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Branded Content - TV's Trojan Horse for Tapping Billions of Dollars

How Branded Content that connects the viewer and shopper can save the TV Industry. The multi-billion-dollar opportunity.

The biggest issue facing the television industry is that they are trying to draw advertising dollars from Consumer Packaged Goods organizations that are increasingly relying on in-store promotions as their primary tiebreaker to move their products. The reason why is that the marketplace is constipated. Too many products with not enough demand and the primary lubricant to pull their supply chain and motivate a promiscuous consumer is price.

Advertising budgets and overhead are being siphoned to fund these trade initiatives that are estimated at $26 billion in the United States. They consume 13 percent of sales, 61 percent of CPG manufacturers' marketing dollars, and they are growing faster than sales.…a race to zero without an airbag. What’s more, they cost an additional $10 billion to administer. The rationale for this spending is that organizations are buying a preferred position in store that, combined with aggressive pricing, sells cases. While TV advertising strengthens brand equity, it has a less direct correlation to outcome.

The only answer is for Television to demonstrate that it is in the business of selling cases. To do so they must reposition themselves as the engine of the entire ecosystem in which the consumer works, shops, plays and lives versus simply providing in-home entertainment with some second-screen functionality. The TV Networks have to show how their content can be repurposed to extend into retail - to turn viewers into shoppers and to drive traffic and basket.

When I ran my agency Capital C this was the model we went to time and time again. Instead of simply giving money to the Trade our clients paid us to create Big Ideas that combined viewer engagement and retail sales. Dove Sleep Over for Self Esteem extended beyond Television across the Corus Network, to Public Relations, Social Media and a big Retail Event where - when you purchased two Dove brands - consumers got a free pair of Dove PJ's. So was Kraft Hockeyville with CBC, Becel Love Your Heart on the W Network, Pepsi Cola Bring Home the Stanley Cup on CBC, Sunsilk's Bridezilla, Doritos Juno's Fan Choice Awards with CTV, Nissan Innovation Challenge with City TV and Land of Cadbury - a 30 minute animated special that told the story of the Easter Bunny and launched a line of premium Easter Products in nine markets around the world.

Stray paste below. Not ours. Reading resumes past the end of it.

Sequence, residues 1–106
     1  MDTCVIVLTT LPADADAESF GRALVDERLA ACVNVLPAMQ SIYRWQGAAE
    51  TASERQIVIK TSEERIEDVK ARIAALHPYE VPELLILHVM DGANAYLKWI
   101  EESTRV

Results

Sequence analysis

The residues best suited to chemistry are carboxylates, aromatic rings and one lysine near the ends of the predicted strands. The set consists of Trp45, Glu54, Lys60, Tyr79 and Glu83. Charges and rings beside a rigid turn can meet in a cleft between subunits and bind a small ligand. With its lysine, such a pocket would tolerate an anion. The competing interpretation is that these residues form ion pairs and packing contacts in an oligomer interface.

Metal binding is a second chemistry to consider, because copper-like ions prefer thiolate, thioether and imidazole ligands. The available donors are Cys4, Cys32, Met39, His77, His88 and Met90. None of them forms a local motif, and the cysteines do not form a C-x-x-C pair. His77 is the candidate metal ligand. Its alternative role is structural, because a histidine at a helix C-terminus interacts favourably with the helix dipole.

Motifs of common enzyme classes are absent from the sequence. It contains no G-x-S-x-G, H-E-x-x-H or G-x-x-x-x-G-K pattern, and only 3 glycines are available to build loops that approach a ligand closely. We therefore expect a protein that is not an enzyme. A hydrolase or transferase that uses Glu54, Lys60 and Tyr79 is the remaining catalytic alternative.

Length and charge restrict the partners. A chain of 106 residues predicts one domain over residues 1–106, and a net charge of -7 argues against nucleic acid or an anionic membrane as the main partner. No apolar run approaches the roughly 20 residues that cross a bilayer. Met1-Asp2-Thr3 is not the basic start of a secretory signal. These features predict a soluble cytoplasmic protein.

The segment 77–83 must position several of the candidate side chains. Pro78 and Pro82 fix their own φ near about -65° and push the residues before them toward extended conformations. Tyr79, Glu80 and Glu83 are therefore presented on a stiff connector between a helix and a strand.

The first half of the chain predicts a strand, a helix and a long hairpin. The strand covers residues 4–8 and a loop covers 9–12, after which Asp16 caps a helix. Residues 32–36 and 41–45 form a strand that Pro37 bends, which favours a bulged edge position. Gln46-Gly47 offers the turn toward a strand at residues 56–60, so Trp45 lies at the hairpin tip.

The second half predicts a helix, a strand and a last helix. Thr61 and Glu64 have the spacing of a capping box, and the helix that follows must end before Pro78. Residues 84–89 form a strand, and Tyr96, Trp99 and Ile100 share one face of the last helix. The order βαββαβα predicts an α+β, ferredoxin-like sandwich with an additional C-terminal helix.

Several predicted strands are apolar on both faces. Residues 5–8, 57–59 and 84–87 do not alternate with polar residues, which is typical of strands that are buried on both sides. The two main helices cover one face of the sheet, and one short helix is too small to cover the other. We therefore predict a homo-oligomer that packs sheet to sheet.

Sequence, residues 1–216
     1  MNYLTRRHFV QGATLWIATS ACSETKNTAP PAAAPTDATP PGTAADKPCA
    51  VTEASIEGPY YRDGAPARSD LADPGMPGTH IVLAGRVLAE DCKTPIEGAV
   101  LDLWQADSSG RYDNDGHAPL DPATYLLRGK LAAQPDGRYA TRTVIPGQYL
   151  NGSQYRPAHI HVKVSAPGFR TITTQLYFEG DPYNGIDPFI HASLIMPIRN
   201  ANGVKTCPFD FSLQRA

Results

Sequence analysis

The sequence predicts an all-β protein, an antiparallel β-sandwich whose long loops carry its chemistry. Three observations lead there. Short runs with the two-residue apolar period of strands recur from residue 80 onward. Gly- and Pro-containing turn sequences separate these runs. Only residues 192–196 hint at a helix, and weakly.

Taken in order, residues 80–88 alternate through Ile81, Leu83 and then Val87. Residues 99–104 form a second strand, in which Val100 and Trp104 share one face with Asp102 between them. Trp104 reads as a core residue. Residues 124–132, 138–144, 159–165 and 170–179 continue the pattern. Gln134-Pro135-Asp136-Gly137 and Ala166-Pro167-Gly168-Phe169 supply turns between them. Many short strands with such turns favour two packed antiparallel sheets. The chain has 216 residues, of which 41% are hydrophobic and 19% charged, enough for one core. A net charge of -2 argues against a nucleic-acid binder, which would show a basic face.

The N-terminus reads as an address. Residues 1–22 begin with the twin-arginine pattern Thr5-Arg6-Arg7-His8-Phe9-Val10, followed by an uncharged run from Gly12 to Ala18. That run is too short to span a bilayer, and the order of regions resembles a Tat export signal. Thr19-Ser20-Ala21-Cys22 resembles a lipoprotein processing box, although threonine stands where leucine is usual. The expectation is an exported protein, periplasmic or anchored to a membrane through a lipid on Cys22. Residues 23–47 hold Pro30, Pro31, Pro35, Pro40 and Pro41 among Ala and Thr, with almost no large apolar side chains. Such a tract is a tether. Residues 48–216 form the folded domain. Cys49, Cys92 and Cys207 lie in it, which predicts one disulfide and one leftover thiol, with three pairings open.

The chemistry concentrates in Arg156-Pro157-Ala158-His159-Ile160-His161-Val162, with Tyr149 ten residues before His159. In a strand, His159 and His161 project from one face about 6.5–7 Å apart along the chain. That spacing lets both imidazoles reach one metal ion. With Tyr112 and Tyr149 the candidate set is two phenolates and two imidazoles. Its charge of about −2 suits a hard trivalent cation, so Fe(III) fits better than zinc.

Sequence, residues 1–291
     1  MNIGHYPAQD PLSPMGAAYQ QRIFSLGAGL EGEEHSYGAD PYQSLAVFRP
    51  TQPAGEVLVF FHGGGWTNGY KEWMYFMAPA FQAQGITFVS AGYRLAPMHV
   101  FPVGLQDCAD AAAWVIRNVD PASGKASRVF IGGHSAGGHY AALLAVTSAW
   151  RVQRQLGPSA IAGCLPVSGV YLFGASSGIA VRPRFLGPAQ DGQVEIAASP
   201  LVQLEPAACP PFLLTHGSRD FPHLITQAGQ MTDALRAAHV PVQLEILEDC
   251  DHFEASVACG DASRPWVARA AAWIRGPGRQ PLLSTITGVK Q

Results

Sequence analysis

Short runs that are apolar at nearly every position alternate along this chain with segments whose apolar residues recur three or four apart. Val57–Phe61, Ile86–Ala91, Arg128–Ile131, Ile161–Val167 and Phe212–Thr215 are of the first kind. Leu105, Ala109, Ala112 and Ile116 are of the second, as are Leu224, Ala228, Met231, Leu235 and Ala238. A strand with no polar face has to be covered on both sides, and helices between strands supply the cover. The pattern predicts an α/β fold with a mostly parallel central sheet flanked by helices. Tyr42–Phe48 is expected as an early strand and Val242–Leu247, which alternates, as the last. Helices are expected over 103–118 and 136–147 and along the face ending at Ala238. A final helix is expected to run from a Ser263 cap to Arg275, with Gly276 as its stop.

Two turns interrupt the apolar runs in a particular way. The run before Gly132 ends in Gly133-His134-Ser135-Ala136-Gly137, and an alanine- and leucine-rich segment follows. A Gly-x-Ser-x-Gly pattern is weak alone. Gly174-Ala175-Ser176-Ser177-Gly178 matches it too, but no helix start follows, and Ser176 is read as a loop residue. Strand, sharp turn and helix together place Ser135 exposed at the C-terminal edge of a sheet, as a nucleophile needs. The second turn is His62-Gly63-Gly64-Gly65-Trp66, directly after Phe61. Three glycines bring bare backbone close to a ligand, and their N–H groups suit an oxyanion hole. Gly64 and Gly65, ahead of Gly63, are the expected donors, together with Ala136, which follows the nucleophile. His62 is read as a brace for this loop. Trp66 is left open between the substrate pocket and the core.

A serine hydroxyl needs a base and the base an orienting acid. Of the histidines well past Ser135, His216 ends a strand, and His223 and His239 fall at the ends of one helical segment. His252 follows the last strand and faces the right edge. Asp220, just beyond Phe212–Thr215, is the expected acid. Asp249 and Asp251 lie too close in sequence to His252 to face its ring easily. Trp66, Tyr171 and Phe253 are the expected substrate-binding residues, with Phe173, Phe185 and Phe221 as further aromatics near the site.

There is no reason why TV Networks can't do the same - create the link between content that engages viewers while also selling cases in-store.

This is where Branded Content can become the Trojan Horse for the Television Industry. Why Branded Content? - It is simple - to do it right you need control of your storyline, versus simply purchasing a show, selling adjacency and then begging the Producer for rights to bring it to life across the entire ecosystem.

Control of the storyline is why Brands are diving into the Content Business and in many cases bypassing television to find channels easier to work with.

The results speak for themselves. The Lego Movie had a box office of $468 million, a double-digit increase in sales, and they were acknowledged as a brand of the year. According to eMarketer, there was over $118.4 billion spent on content marketing, video, and social media in 2013. 57% of marketers report custom content as their top marketing priority for 2014 (Source: Altimeter) and 79% of marketers report their organizations are shifting to branded content (Source: Forrester). Today, as you read this article, tens of millions of pieces of content will be shared and hundreds of millions more absorbed.

There is no question that a strategy that revolves around custom Branded Content is more complex to undertake as it involves story creation and a meeting of the minds and schedules between the network, the storyteller, the brands and the retailer. Who has influence and who has authority?

It might be complex and daunting to even schedule the meeting but the rewards are waiting for those who do. This strategy feeds the appetite of brands that are starving for attention and sales, the retailers that are starving for customers, and the networks that are starving for cash and affordable content while feeding the consumer’s insatiable appetite for something great to watch.

Yes, great content to watch. Not jarring product placement, awkward interruptions, or even advertising bumpers that mysteriously appear.

We need real stories - scripted dramas, comedy, and reality shows based on insights into the 'head, heart and hands of the viewer/shopper - how they think, feel and behave. Stories, where the brands are woven, not forced, into the storyline, means the storyteller needs a real understanding of the brand; its ethos, providence and values, and how these get amplified at the point of sale. Ultimately, stories can manifest themselves into engaging content as they flow from one consumer touchpoint to another.

The best example of this was Temple Street and Loblaw coming together to create Recipe to Riches. I have first-hand experience knowing how it engaged the viewer on television and in social media and, in turn, they bought the Recipe to Riches products in record numbers.


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